Christopher and his friends.
Posted by celticman on Sun, 20 Mar 2011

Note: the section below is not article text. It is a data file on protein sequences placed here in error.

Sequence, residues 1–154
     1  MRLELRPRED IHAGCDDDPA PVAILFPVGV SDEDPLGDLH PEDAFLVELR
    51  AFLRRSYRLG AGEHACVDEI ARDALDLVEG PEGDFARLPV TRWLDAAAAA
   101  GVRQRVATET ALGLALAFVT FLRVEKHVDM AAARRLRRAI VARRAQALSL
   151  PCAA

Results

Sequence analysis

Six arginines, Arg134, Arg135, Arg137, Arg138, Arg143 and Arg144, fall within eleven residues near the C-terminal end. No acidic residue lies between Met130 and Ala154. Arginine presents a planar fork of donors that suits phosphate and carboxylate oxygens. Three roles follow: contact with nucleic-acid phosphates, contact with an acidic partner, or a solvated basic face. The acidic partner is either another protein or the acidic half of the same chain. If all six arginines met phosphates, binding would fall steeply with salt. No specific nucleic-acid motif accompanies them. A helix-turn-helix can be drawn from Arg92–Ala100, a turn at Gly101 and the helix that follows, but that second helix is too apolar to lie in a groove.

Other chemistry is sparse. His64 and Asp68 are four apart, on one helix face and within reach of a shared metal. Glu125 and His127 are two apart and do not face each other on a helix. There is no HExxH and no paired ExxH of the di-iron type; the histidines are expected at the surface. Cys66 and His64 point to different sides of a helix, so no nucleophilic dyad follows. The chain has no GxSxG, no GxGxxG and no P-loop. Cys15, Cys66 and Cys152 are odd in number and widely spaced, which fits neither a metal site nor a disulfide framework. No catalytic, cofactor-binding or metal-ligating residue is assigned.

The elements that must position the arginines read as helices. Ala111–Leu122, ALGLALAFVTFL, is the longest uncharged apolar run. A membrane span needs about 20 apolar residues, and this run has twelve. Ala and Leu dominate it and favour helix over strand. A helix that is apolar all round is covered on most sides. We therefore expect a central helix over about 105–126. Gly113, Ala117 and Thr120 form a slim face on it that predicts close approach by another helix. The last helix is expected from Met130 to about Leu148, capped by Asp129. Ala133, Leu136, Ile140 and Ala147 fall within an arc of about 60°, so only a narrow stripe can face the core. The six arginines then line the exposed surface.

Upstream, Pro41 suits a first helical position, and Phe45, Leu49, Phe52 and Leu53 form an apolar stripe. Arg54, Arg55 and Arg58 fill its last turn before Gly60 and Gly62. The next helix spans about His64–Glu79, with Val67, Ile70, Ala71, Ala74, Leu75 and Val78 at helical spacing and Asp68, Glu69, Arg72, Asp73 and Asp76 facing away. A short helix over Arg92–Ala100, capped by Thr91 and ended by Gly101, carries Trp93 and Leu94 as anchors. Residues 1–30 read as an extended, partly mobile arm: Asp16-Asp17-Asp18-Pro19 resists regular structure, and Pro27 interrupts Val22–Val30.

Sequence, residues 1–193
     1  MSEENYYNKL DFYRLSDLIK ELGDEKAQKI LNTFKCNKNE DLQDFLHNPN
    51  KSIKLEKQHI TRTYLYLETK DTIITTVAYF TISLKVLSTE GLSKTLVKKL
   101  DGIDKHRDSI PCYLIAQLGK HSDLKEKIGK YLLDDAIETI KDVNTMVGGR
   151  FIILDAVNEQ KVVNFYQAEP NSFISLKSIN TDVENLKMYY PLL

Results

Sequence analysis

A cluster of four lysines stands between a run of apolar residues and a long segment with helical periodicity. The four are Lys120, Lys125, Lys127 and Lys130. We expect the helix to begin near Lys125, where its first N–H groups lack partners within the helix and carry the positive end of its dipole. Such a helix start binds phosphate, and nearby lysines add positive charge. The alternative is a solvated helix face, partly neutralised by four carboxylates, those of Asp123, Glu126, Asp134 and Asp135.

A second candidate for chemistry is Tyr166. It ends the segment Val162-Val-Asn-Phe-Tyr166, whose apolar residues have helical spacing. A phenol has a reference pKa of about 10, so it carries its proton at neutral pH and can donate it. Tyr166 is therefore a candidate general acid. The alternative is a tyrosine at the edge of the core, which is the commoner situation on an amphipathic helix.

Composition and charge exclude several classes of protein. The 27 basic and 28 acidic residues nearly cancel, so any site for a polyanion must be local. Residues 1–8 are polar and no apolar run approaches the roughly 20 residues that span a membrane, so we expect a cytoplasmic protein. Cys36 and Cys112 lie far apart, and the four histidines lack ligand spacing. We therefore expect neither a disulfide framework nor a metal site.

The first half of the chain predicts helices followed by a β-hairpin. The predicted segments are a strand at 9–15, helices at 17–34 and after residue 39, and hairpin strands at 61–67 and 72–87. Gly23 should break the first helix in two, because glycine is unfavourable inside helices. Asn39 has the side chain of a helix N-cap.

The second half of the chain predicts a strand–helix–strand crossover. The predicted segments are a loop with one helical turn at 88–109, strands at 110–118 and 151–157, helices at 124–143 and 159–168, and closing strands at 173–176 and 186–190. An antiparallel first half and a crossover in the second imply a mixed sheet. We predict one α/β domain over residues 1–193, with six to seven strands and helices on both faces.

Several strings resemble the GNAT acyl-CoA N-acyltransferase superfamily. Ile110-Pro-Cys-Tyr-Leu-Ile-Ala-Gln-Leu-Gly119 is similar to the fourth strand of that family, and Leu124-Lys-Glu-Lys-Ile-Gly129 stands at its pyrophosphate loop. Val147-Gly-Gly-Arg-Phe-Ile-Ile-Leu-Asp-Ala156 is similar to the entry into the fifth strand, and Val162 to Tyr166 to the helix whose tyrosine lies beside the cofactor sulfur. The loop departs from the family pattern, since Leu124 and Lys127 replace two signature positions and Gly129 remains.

Christopher and his kind(er). Ok my German is crap, my English not much better, but luckily Isherwood’s looking back at his Germanic idyll, so wonderfully done with Cabaret takes a bit of a beating here. Auden with his war poetry hoped to save the world, but, of course, nobody likes poetry and they didn’t know about macrobiotic diets in 1930s Germany. They were all too busy stomping about speaking German/English with a suitable accent. Isherwood played by Matt Smith is a strange looking creation, but is highly bankable character, as he plays Dr Who. He looked suitably bewildered by all the drapery used to coat buildings with Nazi regalia. But they did seem to have only one set of odal runes that marked everyone off as an SS member, most notably the brother of his love interest, a young boy, whom he fell in love with. That wasn’t part of his plan of bugger them and leave them and, in particular, Auden, who seemed a bit of a pain in the arse. But he was famous, even then. They also seemed to have only one Swastika on a stick, which they used in several scenes, but, in fairness, these things can be so difficult to find. Christopher achieves his own success with his dairies and in particular his dramatization of his relationship with Sally Bowles. Liza Minnelli won an Oscar and could sing and dance like a pro, which was no great surprise with Judy Garland for a mother. The Sally Bowles here was much prettier than Liza, but her singing was authentic enough for the Poles to put their hands up and surrender Warsaw. Christopher tries to save his lover by bringing him to Britain, but his mother doesn’t like him and they send him back. Later they have a reunion of sorts in Communist Berlin. He’s married now, with a child, but doesn’t blame him at all for being put in a Concentration camp and throws himself and his added on family at Dr Who. Being English he declines and goes back to America where the end credits tell us he lived with Auden. Well sort of. Auden stayed in one end of America; Isherwood thousands of miles away in California, but hey, that’s Hollywood for you.